I just bought 33 board feet of random width cherry for several
projects. This is the first wood I've ever bought outside of Home Depot
It is 13/16" thick, and some, if not all, of the boards have lines on
them that I assume are from where they were planed.
So is my next step to stop on the way home and buy a planer to put a
smooth finish on these boards? I know I could do it with sand paper. I
assume I could do it with a jack plane. But that's a WHOLE lot of
sanding and/or hand planing.
I kind of thought that I might get an electric planer when I started
these projects, just to thin some of the boards. But now I'm thinking
it's necessary to smooth these things out.
Am I approaching this correctly?
My grandfather gave me a lot of rough cut lumber he had been hoarding.
It has the lines from what I assume is the sawing process. Not sure it
has ever been planed. I got a Delta 22-580 not long after and I'm
absolutely amazed at how nice the wood looks on the other side. 2
1. just because it looks nice when it comes out doesn't mean its flat.
Still need a jointer for that.
2. I tried to run my planer without a seperator and the shavings very
quickly clogged my dust collector. I made a my own with a small
Roughneck garbage can and some scarp wood. Works like a charm.
Good luck with the lumber.
A definite maybe. A brand new planer will give you a finish that is just
great. After a little use, it will start getting a few lines and marks and
it is just not perfect. Blades wear.
At some point you will want to use that nice planer, but still finish with
sanding or scraping for the best finish.
Some good advice here . The answer is save up and buy a planer that way you
can buy rough cut [sawn] timber cheaper and better quality than yo get at
HD. Furthermore the rough cut one inch stock at HD is actually 13/16" the
rough cut is 1 1/8" so for short lengths at least you can end up with a full
When you get a planer get an additional set of blades so that if they do get
chipped and leave tell tale marks you can replace them with a perfect set
and get the others reground....mjh
Furthermore the rough cut one inch stock at HD is actually 13/16" the
Not likely. Band mills make such smooth surfaces compared to flexing
circular saws that 4/4 is pretty much cut at 1" nowadays versus 1 1/8".
Old folks like me remember thicker stock, but mostly it's a case of feed
rates and hammering which decided what you could get in the way of oversize
If the lines run parallel to the edges of the boards, they may be nicks. If
more or less dickandpurpular, dull knives or fast feed. Either way, if
it's curable with a pass with a cabinet scraper, I don't mess with 'em.
I was not referring to the quality of the milling device, rather required
industry standards .Perhaps these standards have changed but it was that
fourquarter roughcut had to be at least 1 1/8" thickness....mjh
One thing to keep in mind - if your boards were planed before you
bought them, and if it was the planer that left the marks, you might
not end up all that much better if you get a cheap planer and re-plane
them yourself. Is there a real tool dealer in your area (HD or Lowes
don't count)? I'd also reconsider the use of a hand plane - I've been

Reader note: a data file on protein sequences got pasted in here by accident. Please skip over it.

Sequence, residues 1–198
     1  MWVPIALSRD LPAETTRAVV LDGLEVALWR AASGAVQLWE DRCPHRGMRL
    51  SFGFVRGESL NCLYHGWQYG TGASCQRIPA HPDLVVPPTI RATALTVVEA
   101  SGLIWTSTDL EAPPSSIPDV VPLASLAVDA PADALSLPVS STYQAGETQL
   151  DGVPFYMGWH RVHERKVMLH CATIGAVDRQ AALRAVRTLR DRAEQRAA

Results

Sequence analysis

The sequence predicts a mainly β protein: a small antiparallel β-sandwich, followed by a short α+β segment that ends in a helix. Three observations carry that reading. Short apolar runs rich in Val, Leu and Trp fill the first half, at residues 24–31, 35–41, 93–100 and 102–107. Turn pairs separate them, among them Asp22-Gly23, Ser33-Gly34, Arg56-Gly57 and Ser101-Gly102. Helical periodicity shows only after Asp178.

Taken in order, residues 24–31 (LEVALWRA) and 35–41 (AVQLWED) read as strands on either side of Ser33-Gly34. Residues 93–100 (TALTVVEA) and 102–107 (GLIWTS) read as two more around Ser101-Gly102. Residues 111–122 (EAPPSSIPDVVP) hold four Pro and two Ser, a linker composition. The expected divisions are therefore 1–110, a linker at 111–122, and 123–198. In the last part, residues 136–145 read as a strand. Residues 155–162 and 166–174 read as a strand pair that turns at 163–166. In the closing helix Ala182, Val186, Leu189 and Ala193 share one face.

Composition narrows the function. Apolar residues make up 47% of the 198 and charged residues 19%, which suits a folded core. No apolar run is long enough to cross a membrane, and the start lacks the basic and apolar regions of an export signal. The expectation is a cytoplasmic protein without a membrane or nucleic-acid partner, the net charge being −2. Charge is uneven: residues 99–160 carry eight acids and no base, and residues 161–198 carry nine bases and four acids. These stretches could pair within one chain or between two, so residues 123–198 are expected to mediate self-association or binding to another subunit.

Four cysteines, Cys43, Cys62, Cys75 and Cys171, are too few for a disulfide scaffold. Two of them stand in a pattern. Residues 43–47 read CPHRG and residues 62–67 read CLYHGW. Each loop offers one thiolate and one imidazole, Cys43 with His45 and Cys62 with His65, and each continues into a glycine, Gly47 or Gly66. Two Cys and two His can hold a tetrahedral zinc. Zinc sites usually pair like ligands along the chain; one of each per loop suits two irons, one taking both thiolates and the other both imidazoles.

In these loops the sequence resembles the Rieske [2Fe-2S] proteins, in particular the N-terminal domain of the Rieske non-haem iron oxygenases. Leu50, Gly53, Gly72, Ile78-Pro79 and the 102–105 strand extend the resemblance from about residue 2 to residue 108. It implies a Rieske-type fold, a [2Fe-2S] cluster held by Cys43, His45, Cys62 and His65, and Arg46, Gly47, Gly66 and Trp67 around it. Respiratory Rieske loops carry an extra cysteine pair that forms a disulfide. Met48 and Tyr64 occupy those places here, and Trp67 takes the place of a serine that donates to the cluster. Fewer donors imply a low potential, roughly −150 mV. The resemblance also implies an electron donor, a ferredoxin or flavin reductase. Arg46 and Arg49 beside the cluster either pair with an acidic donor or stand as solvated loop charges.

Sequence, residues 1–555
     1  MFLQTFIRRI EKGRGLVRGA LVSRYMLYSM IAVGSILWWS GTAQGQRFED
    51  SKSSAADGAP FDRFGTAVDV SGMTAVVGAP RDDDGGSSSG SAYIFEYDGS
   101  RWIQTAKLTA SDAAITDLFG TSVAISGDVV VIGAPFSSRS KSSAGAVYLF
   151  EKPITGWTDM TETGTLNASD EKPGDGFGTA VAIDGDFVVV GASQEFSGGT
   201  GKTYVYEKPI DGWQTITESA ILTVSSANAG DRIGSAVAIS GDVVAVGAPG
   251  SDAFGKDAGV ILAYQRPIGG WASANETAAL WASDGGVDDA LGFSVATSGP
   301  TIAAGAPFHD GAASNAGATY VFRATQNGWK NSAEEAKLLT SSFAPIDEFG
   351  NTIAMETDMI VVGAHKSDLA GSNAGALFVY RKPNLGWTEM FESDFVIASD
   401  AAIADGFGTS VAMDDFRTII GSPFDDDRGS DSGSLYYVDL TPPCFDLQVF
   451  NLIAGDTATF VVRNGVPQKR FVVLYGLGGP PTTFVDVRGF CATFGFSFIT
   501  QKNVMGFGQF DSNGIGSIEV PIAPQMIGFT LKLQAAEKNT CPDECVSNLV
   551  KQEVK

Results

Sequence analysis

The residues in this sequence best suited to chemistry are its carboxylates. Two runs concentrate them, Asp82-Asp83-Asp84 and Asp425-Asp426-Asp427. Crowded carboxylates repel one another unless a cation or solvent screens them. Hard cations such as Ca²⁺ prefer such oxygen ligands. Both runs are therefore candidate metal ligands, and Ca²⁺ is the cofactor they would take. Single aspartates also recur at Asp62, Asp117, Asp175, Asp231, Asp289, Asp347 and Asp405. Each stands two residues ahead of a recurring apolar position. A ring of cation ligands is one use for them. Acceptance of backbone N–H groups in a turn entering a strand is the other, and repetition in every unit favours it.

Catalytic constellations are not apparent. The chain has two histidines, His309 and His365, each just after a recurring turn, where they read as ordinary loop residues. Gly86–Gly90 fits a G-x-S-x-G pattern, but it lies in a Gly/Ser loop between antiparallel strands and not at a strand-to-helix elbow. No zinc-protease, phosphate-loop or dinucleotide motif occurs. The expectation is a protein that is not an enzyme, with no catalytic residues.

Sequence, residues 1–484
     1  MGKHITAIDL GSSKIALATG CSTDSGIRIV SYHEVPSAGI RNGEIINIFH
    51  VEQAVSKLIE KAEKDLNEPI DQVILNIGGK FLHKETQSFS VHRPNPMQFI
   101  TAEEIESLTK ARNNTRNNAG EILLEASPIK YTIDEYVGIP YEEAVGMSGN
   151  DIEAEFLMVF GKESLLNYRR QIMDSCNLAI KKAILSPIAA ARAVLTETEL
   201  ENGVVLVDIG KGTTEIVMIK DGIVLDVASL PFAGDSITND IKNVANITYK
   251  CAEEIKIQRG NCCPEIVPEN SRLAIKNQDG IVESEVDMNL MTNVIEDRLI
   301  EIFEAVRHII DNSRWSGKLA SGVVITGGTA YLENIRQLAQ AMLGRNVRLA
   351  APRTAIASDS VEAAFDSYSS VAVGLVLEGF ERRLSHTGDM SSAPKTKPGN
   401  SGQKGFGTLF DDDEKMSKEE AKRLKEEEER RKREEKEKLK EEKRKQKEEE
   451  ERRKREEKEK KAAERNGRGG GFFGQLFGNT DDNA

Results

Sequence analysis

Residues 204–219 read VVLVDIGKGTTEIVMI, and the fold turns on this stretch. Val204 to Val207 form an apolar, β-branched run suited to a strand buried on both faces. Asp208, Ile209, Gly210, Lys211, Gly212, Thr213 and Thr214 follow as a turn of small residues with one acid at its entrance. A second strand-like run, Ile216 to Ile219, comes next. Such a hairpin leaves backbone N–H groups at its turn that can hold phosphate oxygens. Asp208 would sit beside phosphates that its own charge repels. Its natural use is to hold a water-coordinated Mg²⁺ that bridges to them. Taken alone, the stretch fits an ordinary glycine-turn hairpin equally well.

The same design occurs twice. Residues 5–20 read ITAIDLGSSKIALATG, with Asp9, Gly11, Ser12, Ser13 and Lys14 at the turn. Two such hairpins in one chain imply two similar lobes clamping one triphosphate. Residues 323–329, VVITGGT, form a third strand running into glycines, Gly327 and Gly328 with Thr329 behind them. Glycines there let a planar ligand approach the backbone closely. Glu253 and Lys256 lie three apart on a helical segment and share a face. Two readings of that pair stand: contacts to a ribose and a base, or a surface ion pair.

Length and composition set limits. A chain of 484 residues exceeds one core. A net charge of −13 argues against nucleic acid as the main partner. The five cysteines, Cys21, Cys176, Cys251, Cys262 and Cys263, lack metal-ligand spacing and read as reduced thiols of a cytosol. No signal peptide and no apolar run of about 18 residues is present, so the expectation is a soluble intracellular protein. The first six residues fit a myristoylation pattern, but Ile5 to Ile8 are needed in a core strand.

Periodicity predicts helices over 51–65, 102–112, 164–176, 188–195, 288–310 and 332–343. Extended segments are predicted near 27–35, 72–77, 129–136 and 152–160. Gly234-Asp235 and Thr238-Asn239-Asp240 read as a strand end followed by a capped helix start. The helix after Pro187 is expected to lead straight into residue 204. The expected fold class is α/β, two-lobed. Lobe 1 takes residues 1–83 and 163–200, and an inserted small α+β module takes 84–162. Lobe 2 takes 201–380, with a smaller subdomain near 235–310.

using one along with a card scraper to get rid of machining marks, and
I've found that combination to be very effective, much quicker than
sandpaper or a ROS, and even sort of fun. (Watching beautiful grain
appear from rough-cut boards is really amazing...) Same quality thing
applies, though - unless you want to spend a bunch of time tuning a
hand plane, plan on spending about $150 on something nice from Steve
Knight or Lee Valley.
I don't discriminate against "tailed" tools, though - I've been using
my router table as a jointer to smooth the edges of boards, and found
that to be quick and easy also.
These ridges can't be too high, can they? Is it like the planer knife had
knick in it and left a little, 1/8" wide ridge the length of the board? If
so, I's suggest that you buy and practice using a set of cabinet scrapers
and a burnishing tool (can be bought as a set). Chuck is correct about the
need to joint one side flat before plaining. What he heck. This is a great
time to sart investing in wood prep machinery.
On 18 Jan 2006 06:49:07 -0800, email@example.com wrote:
If the boards are wide and have any significant twist or cup you may
want to rip them first by the project. If you are looking to clean up
13/16" to 3/4" nominal you may not be able to do so at full width.
Ripping them first will help to limit the total cup per board and help
to clean them up to a thicker nominal. I would leave them rough until
I had a project in mind and then process them as I need them specific
to the projects. And, while I've broken the rule before, you should
limit widths in glue ups to about 4 inches alternating the grain
direction to limit the post process cupping.
I've been processing about 250 bd. ft of walnut this way. wide
boards, lots of cup, 13/16" rough. if I didn't rip first I would have
probably gotten at best .625" out of it. Ripping first, I'm holding
It also helps to cut to rough length first to limit the length you
have to work on the jointer.
And to get them truely flat, you should face joint them first or use a
My $.02 worth, probably worth about that much.
Thanks for all of the good tips. I actually went to HD to buy a planer,
and their credit card/check machines were down, and they were only
I'm sure my wife will tell me that was an omen that I shouldn't buy.
Do not do anything with the wood until you have your panels glued up. There
will invariably be some mismatch. That is what the extra 1/8" is for. It
disappears sanding very quickly.
You only need a planer if your panels will fit it. If you are making a 20"
wide panel, a planer will be a waste of money. A planer is really designed
to make 13/16" boards out of raw stock. Since you bought 13/16" stock...
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